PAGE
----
Posted by: Wild Instincts | February 9, 2014

Winter’s Unseen Victims

No one in the Northwoods can deny this winter of 2013-14 has been challenging, if not just down right brutal.
Unrelenting Polar Vortex after Polar Vortex has forced us to move patients that should be in outside enclosures to inside set ups. Not only has the weather brought us more patients than normal, but it’s added to the work load of routine chores making it take longer than normal to care for said patients.
At least we can give our patients a warm place to come. What about all the wild animals out there in this weather?
For the most part animals are adapted quite ingeniously to their environments and have ways of coping with this weather in short bursts. When it drags on for what seems like forever, then problems will develop.
Animals will starve and die. It happens. We’ve seen the reports on TV asking to be on the look out for starving deer. Starving turkeys are being reported.
What about the victims we can’t see? Those that most people don’t even think about.
Recently we admitted a porcupine. Someone had found it in a snow bank, mostly unconscious. She took it in and even knowing she was breaking the law, tried to care for it. After two days, she finally decided to get it help.
When the porcupine arrived, it was unconscious and severely hypothermic. Its temperature didn’t even register on the thermometer! It sounds like it had been that way from the beginning. Two days of hypothermia is hard to overcome. In the end, despite our best efforts, the porcupine passed away. Shortly before she passed away she expelled an unborn fetus.
Gestation for porcupines is about 210 days. They breed in Oct-Nov. We generally see young porcupettes in early April. Taking factors into account, it appears her unborn was about 8 weeks away from partuation, probably about 154 days in its development, putting it into the third trimester.
Presently, not much is known about the various diseases that affect porcupines. Recently, cases of hepatic lipidosis (HL) have been reported in captive North American porcupine in zoos. Whether the HL incidence in captivity is comparable to that in wild porcupine populations is not presently known.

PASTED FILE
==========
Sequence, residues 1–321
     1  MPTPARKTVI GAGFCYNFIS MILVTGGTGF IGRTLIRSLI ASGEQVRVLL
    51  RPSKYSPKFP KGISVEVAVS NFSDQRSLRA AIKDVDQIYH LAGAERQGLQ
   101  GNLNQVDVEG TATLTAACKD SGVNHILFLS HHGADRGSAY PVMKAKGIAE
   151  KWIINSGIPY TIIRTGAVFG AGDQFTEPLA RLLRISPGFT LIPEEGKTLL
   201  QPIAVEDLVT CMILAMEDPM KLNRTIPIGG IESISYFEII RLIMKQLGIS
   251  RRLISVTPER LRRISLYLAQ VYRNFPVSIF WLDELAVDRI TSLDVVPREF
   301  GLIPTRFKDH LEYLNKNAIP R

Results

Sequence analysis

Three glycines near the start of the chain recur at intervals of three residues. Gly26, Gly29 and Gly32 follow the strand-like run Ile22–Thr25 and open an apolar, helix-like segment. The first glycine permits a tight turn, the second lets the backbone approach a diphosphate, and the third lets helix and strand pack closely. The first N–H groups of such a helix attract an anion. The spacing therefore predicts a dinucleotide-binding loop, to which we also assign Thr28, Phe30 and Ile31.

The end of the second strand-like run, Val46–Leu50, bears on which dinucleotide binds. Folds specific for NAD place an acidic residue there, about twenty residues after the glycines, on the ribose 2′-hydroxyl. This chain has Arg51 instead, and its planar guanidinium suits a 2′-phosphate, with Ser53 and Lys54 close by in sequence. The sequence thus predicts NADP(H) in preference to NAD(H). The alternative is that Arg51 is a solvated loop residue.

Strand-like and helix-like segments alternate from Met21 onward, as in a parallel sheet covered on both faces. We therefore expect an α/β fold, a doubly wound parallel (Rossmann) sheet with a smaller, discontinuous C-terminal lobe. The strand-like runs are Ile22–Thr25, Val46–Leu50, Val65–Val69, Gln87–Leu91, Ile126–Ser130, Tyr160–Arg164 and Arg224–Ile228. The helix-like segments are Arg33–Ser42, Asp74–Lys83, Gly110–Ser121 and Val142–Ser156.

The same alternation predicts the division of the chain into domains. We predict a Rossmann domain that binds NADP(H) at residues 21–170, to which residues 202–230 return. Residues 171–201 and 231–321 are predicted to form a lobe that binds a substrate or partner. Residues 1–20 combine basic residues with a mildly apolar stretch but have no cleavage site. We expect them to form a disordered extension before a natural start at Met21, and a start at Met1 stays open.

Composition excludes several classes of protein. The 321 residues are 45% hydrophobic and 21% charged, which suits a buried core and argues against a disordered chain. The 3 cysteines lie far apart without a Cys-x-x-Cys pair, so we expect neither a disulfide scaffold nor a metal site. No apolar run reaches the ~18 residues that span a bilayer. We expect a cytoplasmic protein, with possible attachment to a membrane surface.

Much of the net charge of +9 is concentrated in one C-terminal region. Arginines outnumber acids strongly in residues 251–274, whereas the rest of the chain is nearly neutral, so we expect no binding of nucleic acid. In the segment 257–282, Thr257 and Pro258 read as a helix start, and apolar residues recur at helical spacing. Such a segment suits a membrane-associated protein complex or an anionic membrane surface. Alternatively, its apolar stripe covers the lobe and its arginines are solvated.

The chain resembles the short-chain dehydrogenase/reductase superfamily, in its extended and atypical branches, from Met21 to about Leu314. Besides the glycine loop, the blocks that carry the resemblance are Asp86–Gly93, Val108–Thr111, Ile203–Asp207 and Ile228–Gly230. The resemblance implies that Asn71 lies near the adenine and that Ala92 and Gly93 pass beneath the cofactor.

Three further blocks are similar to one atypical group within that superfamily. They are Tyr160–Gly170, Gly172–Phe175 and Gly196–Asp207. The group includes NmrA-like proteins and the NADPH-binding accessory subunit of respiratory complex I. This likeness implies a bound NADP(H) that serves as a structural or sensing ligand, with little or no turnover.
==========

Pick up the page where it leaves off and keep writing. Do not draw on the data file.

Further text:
Hepatic lipidosis and pregnancy toxemia have been reported in humans, deer, cows, and ewes. In women, hepatic dysfunction complicates about 3% of pregnancies and tends to occur in the last trimester of gestation. Similarly, sheep on a low-energy diet in late gestation frequently develop pregnancy toxemia and HL. It is quite possible that this porcupine developed complications from her pregnancy in a brutal winter requiring massive energy demands.
In the Northwoods, many species carry their unborn during the winter months so they can be born, grow during a time of more abundant food, and be ready to survive their first winter.
When winters are harsh, unborn may be resorbed to save the life of the mother by decreasing energy demands. It takes a great deal of energy to carry offspring in the womb as well as the immediate demands after birth during nursing.
Following difficult winters, there may be a decrease in young born for this reason. They are the unseen victims of the winter until spring when the forest has less little ones running around and their absence is noticed.
Deer may abort and resorb some of their offspring, resulting in one fawn instead of two or three.
In porcupine cases, they are only in estrus for 8-12 hours once per year resulting in only one young per year.
Had this porcupine died quietly in the woods, one would probably have thought only of this one victim of winter and not even been aware of its unseen victim.

Fetal porcupine approximately 6-8 weeks from birth.

Fetal porcupine approximately 6-8 weeks from birth.

Hair developing on head.

Hair developing on head.


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